Recycle Week slammed as ‘greenwashing’ as MPs call for more sweeping single-use plastic bans

City to Sea is criticising the UK-Government-funded ‘Recycle Week’ for choosing brands such as Coca-Cola and PepsiCo as sponsors. In related news, dozens of MPs are calling on Liz Truss to deliver previous Tory plans for single-use plastic bans.


Recycle Week slammed as ‘greenwashing’ as MPs call for more sweeping single-use plastic bans

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The ‘Recycle Week’ campaign officially began today (17 October). It was originally meant to take place in September but was postponed due to the period of national mourning following the Queen’s death.

Spearheaded by Recycle Now, a public-facing campaign from Government-backed WRAP, the idea of the week is to encourage people to “recycle more of the right things, more often”. Brands often use the week as a launchpad for new, easier-to-recycle packaging.

City to Sea, the environmental not-for-profit perhaps best known for its water refill scheme, has slammed the decision to allow companies to sponsor this year’s week without tighter requirements on their own packaging. Sponsoring the event are Coca-Cola Great Britain, Ocado, Danone, McDonald’s UK, Innocent Drinks, Arla, Britvic and PepsiCo. Biffa is the official waste management partner. Other sponsors include the Natural Source Waters Association and British Soft Drinks Association.

Globally and in the UK, Cocoa-Cola and PepsiCo in particular have been accused by environmental NGOs of being among the most-littered brands, City to Sea is highlighting.

“To be abundantly clear, it’s transparently nonsense to have the world’s biggest plastic polluters as sponsors of recycling week; this is greenwashing the dirties of business models, nothing more and nothing less,” said City to Sea’s policy manager Steve Hynd.

The organisation is also taking issue with the fact that the Government runs an awareness week on recycling, but nothing similar on refill or other ways of simply avoiding plastic in the first instance. It has pointed to research indicating that only 9% of all plastic ever produced is estimated to have been recycled, partly due to poor collection and processing infrastructure in much of the world.

Research published by the Ellen MacArthur Foundation in late 2022 revealed that refillable packaging accounted for just 2% of the products sold by the world’s biggest consumer goods firms.

Responding to City to Sea’s comments, a WRAP spokesperson told edie: “While recycling is important, it is only part of the solution to addressing the plastic waste crisis. We also need to limit plastic where it makes sense. This is why removal, reduction, replacement and reuse and refill are all part of The UK Plastics Pact’s focus.

“WRAP is very careful about who it works with, and who sponsors its activities, to avoid greenwashing. WRAP only works with businesses that can demonstrate that they are actively working to limit the environmental impact of their products and services.”

‘Plastic Crackdown’

In related news, more than 20 MPs have signed an open letter calling on Prime Minister Liz Truss to bring forward new bans on certain single-use-plastic items.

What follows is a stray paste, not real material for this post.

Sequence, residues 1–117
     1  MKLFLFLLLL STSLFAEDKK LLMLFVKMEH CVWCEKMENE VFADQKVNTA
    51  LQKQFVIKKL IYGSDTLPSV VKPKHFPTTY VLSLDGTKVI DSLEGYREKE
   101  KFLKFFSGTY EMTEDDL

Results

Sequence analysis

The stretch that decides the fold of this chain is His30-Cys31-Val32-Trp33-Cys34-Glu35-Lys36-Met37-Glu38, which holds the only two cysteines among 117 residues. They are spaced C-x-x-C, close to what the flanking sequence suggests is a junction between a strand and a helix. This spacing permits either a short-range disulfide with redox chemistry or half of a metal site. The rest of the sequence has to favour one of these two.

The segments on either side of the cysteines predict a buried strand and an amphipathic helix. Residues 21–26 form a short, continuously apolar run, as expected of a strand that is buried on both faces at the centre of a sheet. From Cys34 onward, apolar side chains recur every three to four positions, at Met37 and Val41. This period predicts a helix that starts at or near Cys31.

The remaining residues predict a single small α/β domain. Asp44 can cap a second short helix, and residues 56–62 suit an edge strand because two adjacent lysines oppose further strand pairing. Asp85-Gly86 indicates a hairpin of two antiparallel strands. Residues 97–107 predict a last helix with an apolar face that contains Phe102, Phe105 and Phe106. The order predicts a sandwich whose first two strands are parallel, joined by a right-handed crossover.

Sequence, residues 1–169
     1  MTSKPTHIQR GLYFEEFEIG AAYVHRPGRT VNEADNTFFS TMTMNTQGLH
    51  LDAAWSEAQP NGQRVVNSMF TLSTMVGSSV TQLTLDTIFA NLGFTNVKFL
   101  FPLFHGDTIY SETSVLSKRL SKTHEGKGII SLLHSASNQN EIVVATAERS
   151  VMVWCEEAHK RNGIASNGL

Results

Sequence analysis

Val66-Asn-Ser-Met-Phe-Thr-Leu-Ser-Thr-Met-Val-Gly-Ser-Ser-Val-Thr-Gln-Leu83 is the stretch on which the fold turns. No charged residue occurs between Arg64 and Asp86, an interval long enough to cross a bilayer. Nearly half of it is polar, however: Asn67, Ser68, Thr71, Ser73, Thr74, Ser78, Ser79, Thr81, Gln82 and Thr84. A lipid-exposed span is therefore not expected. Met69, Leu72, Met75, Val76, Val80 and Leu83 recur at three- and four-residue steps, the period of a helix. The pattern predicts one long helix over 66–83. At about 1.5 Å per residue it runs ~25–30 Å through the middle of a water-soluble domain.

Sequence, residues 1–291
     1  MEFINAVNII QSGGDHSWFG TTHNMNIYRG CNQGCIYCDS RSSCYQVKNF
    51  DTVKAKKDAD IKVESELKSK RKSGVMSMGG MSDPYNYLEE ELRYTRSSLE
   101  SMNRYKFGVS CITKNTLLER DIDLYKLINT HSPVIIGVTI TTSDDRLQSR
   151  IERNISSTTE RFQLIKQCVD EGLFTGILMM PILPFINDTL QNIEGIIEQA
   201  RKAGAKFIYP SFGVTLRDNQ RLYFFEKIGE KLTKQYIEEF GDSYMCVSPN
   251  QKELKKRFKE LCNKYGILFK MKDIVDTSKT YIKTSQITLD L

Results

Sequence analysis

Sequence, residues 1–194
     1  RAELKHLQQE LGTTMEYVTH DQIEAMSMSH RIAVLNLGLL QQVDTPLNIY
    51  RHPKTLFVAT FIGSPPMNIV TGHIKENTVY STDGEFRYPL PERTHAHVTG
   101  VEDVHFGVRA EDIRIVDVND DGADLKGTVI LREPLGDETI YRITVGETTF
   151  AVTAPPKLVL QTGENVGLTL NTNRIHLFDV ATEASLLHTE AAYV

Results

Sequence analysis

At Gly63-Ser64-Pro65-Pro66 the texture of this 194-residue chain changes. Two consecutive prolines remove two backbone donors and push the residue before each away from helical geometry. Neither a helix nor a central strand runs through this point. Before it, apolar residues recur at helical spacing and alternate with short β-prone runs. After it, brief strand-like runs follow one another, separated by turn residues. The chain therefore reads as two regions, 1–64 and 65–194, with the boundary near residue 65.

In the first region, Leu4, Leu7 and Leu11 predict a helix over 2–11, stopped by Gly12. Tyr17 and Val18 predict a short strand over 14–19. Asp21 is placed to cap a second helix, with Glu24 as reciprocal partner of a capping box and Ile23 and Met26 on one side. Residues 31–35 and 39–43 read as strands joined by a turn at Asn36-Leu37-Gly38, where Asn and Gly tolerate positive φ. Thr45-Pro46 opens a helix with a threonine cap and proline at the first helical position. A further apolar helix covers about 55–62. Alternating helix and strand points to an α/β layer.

The UK has already banned items such as drinks stirrers, straws and cotton buds. Further bans, including one on sauce sachets, were planned under her predecessor Boris Johnson but, like much policymaking on waste and resource management, have seen progress stalled.

Spearheaded by the campaign group A Plastic Planet and posted in The Independent, the letter calls on the UK to ban the use of single-use plastic sachets, bags and fruit and vegetable packaging. More must also be done, the letter argues, to tackle drinks bottles and plastic bags. It states that the UK must reduce single-use plastic use this decade to meet its 2042 goal of elimination.

The letter also urges the Government to pick up the broader Resources and Waste Strategy, bringing forth new responsibilities for the manufacturers of other hard-to-recycle items such as mattresses and clothes.  These recommendations are based on a new roadmap on reducing, refilling and replacing, published by A Plastic Planet earlier this month. The NGO argues that the changes it is calling for would have broad support from the general public in the UK.

Signing the letter are more than 20 MPs and Lords. There is cross-party representation including the DUP, SNP, Lib Dems, Labour and Conservatives.

“Now is the time for Liz Truss to reset the government’s fortunes by showing real global leadership on plastic,”  said A Plastic Planet’s co-founder Sian Sutherland.

“We need a comprehensive policy with teeth that sets the UK ahead as discussions commence on the UN Global Plastics Treaty. Right now there is a vacuum of intent with England lagging far behind the EU.

“Industry needs certainty so they can lead the change and only the government can give this certainty through fast legislation. Where viable alternatives exist, needless plastic products must be banned and innovations incentivised until all single-use plastics are replaced.”

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